After successfully pushing for an extended comment period to allow Upstate New York hemp farmers to share their concerns with the final rule, U.S. Senator Charles E. Schumer today called on the United States Department of Agriculture (USDA) to delay the issuance of a U.S. Domestic Hemp Production Program final rule until 2022 and allow hemp growers and producers across the country and in Upstate New York to continue to operate under the 2014 Farm Bill pilot program regulations until that time.
Schumer said with the economic devastation of the COVID-19 pandemic across all sectors, implementing additional regulations would crush the budding hemp industry.
“When it comes to an industry as promising as industrial hemp in Upstate New York, the feds must do everything they can to nurture its potential. Regulating this rapidly-emerging industry is a must, but the timing of new regulations is important and the current economic crisis must be considered,” said Senator Schumer. “That’s why today I’m urging USDA to delay their issuance of a final rule until 2022 so the hemp industry across the country and in Upstate New York has a chance to grow and create good-paying jobs at a time when jobs are needed the most. Delaying new regulations will help pull New York along in the recovery process as the nation deals with the impacts of the pandemic.”
Allan Gandelman, President of New York Cannabis Growers and Processors Association said, “There are over 700 registered hemp farmers across New York who would be negatively affected by the USDA’s Interim Final Rule on hemp. The costs and bureaucracy of implementing the new rules as written create unnecessary financial burdens on farmers and our state agencies. The existing hemp pilot program has been sufficient in making sure farmers are complaint with all testing and public safety protocols. We would like to see the pilot program extended until 2022 and the USDA modify the program to let hemp become a widespread agricultural commodity like Congress intended by the passage of the 2018 Farm Bill.”
Schumer explained, prior to the pandemic, the industrial hemp industry had begun to show significant growth in New York, adding a considerable number of good-paying jobs and bringing in significant revenue to the state, making it an indispensable crop in New York’s agricultural future.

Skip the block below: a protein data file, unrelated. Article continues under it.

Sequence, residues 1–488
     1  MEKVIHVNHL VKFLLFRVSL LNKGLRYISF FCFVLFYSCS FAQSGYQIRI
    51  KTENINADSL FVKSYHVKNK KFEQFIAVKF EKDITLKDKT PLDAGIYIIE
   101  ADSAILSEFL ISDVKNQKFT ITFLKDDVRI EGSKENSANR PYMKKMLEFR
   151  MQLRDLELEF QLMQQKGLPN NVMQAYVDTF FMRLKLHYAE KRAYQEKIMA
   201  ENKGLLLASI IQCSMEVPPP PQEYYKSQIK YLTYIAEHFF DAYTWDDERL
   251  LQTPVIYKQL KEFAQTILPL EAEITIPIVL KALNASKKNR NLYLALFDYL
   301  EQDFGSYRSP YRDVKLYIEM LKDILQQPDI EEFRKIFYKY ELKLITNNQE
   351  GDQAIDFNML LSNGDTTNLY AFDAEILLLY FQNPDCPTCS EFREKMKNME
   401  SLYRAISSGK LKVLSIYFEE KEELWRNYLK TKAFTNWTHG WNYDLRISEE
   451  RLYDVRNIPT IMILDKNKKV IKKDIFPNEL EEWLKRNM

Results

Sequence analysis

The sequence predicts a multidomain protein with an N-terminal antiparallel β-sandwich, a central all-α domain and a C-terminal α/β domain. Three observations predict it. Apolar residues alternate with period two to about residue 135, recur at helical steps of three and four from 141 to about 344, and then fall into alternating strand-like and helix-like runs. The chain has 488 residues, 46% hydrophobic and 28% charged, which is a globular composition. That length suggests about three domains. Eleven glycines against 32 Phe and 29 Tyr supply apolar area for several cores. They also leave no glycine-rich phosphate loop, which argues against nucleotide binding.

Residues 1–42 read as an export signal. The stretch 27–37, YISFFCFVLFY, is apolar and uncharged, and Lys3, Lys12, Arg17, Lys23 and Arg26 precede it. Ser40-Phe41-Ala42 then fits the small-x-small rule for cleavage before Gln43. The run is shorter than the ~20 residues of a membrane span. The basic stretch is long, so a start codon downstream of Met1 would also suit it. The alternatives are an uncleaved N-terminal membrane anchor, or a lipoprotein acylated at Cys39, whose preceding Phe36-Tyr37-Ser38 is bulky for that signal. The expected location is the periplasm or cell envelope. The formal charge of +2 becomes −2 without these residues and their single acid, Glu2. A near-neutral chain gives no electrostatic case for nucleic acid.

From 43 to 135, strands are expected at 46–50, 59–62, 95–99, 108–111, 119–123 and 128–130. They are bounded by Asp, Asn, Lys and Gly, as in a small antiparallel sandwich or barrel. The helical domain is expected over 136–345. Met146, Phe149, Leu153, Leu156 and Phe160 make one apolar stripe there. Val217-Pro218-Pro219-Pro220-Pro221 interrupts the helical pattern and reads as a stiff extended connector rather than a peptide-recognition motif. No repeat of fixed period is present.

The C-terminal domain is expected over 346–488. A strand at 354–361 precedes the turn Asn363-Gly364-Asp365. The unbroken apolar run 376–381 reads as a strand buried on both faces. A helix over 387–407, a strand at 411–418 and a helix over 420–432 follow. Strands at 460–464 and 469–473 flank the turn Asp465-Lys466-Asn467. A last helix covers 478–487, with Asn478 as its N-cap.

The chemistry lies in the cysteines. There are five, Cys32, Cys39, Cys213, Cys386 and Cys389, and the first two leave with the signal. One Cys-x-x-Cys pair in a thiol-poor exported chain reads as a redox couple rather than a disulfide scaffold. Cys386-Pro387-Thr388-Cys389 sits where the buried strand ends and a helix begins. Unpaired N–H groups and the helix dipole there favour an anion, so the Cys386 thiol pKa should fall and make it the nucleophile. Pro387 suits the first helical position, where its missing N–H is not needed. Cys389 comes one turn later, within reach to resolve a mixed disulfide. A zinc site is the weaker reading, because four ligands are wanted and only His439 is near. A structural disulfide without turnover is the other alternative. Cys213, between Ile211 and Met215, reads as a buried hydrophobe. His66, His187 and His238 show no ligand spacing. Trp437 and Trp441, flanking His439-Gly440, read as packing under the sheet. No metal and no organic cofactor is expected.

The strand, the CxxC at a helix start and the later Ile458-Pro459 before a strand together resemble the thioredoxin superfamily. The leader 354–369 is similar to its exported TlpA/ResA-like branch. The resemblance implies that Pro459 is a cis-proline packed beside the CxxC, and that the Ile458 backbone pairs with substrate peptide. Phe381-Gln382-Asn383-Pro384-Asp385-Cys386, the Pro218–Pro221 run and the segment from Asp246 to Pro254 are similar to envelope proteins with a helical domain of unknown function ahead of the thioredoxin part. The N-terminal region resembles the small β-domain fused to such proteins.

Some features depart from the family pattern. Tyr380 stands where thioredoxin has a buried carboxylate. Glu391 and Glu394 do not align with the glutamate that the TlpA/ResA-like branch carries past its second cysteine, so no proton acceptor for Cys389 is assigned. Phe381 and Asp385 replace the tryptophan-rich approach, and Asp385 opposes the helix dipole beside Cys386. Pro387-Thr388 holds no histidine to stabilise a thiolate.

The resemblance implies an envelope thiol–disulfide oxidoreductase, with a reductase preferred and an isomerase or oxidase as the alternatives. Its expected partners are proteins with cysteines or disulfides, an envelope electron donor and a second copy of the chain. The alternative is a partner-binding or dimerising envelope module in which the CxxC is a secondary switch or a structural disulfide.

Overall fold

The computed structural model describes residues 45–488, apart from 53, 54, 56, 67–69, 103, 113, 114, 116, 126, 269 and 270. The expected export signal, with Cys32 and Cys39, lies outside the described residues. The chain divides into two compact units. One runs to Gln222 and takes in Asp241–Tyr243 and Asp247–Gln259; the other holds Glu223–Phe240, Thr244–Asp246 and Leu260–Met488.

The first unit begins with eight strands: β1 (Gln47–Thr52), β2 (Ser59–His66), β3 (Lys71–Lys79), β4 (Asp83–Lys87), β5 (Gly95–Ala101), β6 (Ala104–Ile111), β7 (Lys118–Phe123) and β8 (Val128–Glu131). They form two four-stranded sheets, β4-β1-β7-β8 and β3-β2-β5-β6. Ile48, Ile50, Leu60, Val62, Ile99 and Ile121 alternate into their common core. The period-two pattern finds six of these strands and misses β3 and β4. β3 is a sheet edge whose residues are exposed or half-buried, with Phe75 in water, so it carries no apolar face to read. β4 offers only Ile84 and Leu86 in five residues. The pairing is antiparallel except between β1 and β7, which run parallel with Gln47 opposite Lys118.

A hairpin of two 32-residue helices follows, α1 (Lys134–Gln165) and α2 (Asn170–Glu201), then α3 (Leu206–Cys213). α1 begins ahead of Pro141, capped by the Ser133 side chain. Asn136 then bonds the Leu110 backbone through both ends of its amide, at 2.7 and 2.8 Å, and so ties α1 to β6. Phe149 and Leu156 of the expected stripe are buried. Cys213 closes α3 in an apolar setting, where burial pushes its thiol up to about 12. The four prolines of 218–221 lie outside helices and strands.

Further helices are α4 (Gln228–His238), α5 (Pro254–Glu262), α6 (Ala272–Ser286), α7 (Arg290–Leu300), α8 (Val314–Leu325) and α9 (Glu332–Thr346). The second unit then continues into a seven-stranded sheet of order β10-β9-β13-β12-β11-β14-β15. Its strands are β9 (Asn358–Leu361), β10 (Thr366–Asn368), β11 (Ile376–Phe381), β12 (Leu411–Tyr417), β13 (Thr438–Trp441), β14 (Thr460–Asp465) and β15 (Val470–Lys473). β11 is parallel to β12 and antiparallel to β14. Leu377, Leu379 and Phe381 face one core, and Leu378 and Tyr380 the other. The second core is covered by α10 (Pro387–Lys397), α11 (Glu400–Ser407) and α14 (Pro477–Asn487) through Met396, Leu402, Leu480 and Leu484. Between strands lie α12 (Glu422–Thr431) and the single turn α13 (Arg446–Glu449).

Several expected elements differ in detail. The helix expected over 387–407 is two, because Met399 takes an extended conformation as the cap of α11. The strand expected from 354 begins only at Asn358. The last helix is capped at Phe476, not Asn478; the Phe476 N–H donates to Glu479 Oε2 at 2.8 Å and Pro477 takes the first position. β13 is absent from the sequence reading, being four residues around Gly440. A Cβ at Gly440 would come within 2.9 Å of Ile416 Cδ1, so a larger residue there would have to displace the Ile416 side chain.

Operating under the full benefits of the 2018 Farm Bill, hemp farmers have reported difficulty integrating the Interim Final Rules into their operations, specifically, Schumer said, the cost of complying with the Rules has proven to be suffocating for the emerging industry.
Compliance costs for reporting alone would be $17,363.40 according to USDA calculations, and testing would add over $700 per sample.
The senator said these costs are simply too high for the budding industry to shoulder at a time when New York and the entire country is experiencing an economic crisis.
Additionally, Schumer noted, implementing the Interim Final Rules now, also requires states to alter their Pilot Program budgets to meet standards, something which states slammed with COVID-related issues simply cannot spare the time and resources for.
Schumer also pointed out in light of COVID concerns, the timing and testing outlined in the Interim Final Rules would likely push farmers to rush harvests and increase the number of people working in facilities at once, leading to higher risk of COVID transmission among workers.
The senator says that delaying implementation until January 2022 and allowing states to continue operating under the 2014 Farm Bill will address these issues, protecting both the hemp industry in New York and farm workers from potential COVID spread.